And look, that’s not me making fun of or downplaying GPS at all – far from it. As you can probably see, I have enough of the highlighted toys in my collection to be taking it seriously myself. However, it is also possible to collect and enjoy these toys despite their potentially fragile nature.

The first thing to say on that score is that GPS is actually rather random in terms of how it afflicts different toys. You could collect many of the toys on the GPS hit list without ever once experiencing a problem (although I would always recommend a bit of care, all the same!). I have had two G1 Pyros, one of which almost immediately succumbed to a crumbling, and another has been transformed multiple times and enjoyed without any sign of an incident thus far (touch wood!). Other toys are arguably much more likely to encounter the problem, but still, the point stands.

Even if a particular toy is on the more fragile side of the problem, it’s still possible to enjoy it without breaking it just by being extremely careful! That might sound obvious somehow, but if you’re happy with the idea of never transforming some of the examples on the list then they can still make for rather wonderful display options. I have no plans to ever combine my G2 Slingshot with the rest of his Aerialbot teammates (even though I would of course love to be able to!) as I know what the outcome would likely be, but that doesn’t mean I can’t appreciate him in his robot mode amongst the rest of my G2 ranks.

And hey, should you decide to get super brave and transform some of those examples after all, then who knows – you might just get lucky! Even then, there are hints and tips that collectors have devised over the years which supposedly help, such as using lube in the joints of any problematic toys, and then rather obviously taking your time and thinking about where you’re applying pressure as you go. These are not figures to handle to tempt fate with, after all.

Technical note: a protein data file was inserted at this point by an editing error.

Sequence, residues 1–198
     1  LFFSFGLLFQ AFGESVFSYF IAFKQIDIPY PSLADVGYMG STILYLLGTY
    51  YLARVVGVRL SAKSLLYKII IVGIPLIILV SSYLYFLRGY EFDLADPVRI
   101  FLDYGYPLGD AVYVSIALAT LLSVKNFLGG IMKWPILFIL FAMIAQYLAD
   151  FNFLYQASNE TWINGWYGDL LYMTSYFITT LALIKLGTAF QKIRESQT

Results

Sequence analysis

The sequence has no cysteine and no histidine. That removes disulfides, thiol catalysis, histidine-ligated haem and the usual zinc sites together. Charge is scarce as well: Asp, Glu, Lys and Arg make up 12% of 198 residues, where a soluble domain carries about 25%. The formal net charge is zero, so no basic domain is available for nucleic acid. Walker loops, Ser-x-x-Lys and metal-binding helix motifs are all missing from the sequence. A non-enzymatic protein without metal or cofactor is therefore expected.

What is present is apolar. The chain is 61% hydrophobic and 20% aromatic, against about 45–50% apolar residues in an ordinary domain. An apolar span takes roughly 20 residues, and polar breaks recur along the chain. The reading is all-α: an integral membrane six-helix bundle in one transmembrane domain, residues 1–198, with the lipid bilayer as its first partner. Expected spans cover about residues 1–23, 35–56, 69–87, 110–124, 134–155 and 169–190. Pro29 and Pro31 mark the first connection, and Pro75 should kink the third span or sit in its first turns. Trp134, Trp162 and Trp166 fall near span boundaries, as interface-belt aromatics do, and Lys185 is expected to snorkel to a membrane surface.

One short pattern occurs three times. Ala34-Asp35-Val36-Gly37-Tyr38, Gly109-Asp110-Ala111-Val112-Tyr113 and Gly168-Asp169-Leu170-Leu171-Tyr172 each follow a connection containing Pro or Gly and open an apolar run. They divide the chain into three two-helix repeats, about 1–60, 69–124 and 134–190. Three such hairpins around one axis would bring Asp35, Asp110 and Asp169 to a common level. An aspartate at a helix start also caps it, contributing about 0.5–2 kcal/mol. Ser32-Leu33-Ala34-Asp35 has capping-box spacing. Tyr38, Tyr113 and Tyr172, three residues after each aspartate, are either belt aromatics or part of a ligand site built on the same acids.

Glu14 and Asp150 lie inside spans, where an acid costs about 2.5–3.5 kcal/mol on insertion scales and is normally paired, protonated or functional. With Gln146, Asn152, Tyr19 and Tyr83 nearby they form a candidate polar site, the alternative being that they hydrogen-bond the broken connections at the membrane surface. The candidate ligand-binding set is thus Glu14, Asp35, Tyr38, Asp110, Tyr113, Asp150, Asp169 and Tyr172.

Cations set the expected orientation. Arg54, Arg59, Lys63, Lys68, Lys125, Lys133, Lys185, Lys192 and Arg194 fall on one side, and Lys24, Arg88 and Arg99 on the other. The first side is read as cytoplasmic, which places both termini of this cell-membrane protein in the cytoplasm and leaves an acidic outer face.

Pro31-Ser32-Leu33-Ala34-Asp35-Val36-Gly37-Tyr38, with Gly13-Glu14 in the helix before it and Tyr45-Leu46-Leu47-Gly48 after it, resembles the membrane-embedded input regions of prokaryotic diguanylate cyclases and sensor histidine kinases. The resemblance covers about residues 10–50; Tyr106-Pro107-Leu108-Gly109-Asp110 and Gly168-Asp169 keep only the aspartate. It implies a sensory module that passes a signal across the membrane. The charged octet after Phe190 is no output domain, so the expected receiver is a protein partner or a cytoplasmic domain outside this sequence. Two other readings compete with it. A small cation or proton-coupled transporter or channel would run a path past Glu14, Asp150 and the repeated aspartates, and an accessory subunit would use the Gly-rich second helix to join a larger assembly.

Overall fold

But look, none of this is me saying that you should absolutely go out and get a lot of GPS-inflicted toys and that you’ll never have a problem because the sad reality is that, yes, it is something that puts a bit of a damper on a number of otherwise stunning figures from years gone by. I very much would love to see Hasbro and Takara reissue a number of the toys on the list with improved plastic, such as they did with the Encore Air Attack Optimus Primal release. However, it’s unlikely to be the case for the vast majority of examples, so for those of us that wish to enjoy these toys as best we can, it’s something we have to live with.

I know for my own part that there’s no way I would want my shelves to be without the majestic presence of toys such as Thunderclash or Skyquake, because they’re just too great not to experience, despite the potential problems these specimens may encounter.

So, we collect, admire, and carefully curate such toys with the respect they deserve, all the while hoping to preserve their existence and their untarnished condition for as long as possible (and all the while prompting a slew of social media comments every time they’re shared, I suppose!).

At the end of the day, it’s a small price to pay to have treasures such as Black Zarak in your collection, as is keeping in mind that a thing isn’t beautiful because it lasts.


About Sixo

Transformers collector from the UK, collecting vintage G1/G2, CR/RID, UT & Masterpiece/3P. Find me at or on YouTube at